What does Science say: Cortisol & Stress




In these unprecedented times, it is common to feel higher levels of worry, anxiety, or stress during the COVID-19 pandemic and the Black Lives Matter Movement. There is no hiding the need to quarantine, financial worries, grief, fear of what the next months could look like can lead to less sleep.  [1]


So what does this have to do with Cortisol? Cortisol is known as the ‘stress hormone’. [2] It is the hormone that is triggered in fight or flight threats. When you encounter a threat in your everyday life, this could be a flat tire or spilling coffee all over your desk, your brain sets off an alarm to your body to release hormones including cortisol.[3]

Cortisol is a necessary hormone that helps regulate our blood pressure, water balance, inflammation, metabolism, memory creation, and in pregnant women plays a part in the development of the fetus.[1]


Cortisol increases sugars in the bloodstream, alters our immune system response, and suppresses the digestive system.[3] Cortisol also connects with the brain regions that control mood, motivation, and fear.[3]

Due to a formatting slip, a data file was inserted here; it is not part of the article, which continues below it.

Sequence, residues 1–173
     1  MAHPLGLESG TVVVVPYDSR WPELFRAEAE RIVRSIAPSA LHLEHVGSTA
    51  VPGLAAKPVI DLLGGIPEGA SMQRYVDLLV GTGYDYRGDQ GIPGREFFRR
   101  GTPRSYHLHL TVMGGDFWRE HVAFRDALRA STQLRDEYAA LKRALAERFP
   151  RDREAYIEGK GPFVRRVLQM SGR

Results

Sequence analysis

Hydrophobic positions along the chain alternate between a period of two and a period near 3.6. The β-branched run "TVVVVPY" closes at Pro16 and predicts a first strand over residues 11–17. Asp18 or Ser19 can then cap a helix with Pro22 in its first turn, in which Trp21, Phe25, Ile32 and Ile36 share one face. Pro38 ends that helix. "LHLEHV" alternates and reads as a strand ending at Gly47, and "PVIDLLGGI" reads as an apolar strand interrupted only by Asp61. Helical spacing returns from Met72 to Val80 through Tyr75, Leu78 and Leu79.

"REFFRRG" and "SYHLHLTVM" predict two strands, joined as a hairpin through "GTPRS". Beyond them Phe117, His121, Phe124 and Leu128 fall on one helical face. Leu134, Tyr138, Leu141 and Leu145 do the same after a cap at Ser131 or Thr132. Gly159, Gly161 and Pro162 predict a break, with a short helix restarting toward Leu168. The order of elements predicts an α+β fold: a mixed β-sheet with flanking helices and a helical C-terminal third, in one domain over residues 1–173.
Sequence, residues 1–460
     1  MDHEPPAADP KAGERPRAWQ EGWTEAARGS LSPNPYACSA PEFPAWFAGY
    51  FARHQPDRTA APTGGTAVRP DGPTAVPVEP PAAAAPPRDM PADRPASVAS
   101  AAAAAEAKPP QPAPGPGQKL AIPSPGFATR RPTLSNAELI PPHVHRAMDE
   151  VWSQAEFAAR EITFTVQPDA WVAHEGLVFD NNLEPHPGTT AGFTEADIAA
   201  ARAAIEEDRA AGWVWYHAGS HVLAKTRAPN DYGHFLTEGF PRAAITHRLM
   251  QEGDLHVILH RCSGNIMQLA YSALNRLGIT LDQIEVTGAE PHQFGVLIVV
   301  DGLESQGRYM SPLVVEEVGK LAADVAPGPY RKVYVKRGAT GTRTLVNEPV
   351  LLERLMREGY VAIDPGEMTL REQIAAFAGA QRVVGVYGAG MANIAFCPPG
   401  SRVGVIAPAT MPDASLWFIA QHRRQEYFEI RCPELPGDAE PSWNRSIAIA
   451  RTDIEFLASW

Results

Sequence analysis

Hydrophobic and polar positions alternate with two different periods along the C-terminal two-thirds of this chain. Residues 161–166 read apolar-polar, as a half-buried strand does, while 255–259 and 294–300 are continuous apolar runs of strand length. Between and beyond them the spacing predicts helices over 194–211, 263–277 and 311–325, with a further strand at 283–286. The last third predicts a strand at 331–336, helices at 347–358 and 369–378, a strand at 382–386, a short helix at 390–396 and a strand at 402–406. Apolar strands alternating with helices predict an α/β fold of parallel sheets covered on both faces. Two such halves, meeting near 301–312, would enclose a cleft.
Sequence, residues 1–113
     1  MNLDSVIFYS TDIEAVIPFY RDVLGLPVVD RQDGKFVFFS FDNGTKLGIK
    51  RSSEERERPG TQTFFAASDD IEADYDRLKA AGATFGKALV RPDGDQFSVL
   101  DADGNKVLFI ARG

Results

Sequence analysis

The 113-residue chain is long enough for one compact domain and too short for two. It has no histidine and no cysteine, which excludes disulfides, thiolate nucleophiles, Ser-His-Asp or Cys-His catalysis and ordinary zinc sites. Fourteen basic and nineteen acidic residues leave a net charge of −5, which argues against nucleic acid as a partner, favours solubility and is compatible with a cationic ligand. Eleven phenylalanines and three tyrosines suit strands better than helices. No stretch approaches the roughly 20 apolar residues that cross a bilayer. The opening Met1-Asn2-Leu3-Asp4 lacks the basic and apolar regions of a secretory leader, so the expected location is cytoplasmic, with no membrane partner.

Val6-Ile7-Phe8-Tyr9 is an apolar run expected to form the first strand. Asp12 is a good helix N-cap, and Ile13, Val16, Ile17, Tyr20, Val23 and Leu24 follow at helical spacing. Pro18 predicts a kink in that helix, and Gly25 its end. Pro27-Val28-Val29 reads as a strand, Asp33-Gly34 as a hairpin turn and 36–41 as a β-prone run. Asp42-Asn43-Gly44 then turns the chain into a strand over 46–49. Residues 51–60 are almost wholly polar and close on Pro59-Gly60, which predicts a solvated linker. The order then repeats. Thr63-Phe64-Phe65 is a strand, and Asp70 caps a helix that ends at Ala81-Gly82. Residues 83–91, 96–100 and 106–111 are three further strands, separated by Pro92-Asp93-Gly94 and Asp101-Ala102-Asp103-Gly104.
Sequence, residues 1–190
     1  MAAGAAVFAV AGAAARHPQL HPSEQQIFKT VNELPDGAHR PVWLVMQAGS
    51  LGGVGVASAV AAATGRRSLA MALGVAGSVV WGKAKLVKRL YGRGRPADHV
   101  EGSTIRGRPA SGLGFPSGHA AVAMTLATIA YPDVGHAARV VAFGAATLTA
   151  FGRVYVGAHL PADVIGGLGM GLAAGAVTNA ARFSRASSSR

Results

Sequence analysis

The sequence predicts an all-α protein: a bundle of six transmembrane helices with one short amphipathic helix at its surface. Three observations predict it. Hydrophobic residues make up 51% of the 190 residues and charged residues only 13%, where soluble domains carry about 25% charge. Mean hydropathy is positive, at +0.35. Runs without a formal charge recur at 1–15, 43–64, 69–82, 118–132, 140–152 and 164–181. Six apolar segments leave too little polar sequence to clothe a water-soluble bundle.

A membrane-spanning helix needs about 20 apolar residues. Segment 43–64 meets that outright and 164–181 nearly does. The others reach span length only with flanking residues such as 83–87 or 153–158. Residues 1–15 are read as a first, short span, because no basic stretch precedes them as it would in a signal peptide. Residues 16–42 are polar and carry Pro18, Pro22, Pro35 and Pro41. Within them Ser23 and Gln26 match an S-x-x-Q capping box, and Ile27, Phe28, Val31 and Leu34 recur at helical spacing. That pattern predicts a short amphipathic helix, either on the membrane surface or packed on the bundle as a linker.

After a threat has passed, our cortisol levels go back to normal, however in times of increased stress and worry, our cortisol levels can stay heightened. This could put us at risk for anxiety, depression, digestive problems, headaches, heart disease, sleep problems, weight gain, and so much more.[3]

 

While we will all experience some level of stress during the pandemic, it is crucial to keep in mind the importance of keeping our cortisol levels low for our health. Diet, exercise, and sleep are the most important. As repetitive as they may sound, these three things are vital to keeping our cortisol levels during the pandemic, low. 

The good thing is, we are all in this together! Become aware of your stress levels by just asking yourself how you are feeling and notice if your body is holding tension. Try something new this week that will lower your stress levels, here are some suggestions.
Go for a hike, alone, or with a friend, practicing social distancing of course. 
Try “Forest-Bathing”
Get to sleep earlier and unplug from electronics 30 minutes to an hour before
Drink more water this week! 
Try that hobby you wanted to do at the beginning of the quarantine
Do nothing for 10 minutes. 

References:


1. Stress, COVID-19, and Your Endocrine Health. EndocrineWeb. Accessed June 15, 2020. https://www.endocrineweb.com/lifestyle-diet/stress-covid-19-your-endocrine-health


2. High Cortisol Symptoms: What Do They Mean? Healthline. Accessed June 15, 2020. https://www.healthline.com/health/high-cortisol-symptoms


3. Chronic stress puts your health at risk. Mayo Clinic. Accessed June 15, 2020. https://www.mayoclinic.org/healthy-lifestyle/stress-management/in-depth/stress/art-20046037

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Scarleth Castro,BA Nutritionist, Health & Fitness Educator

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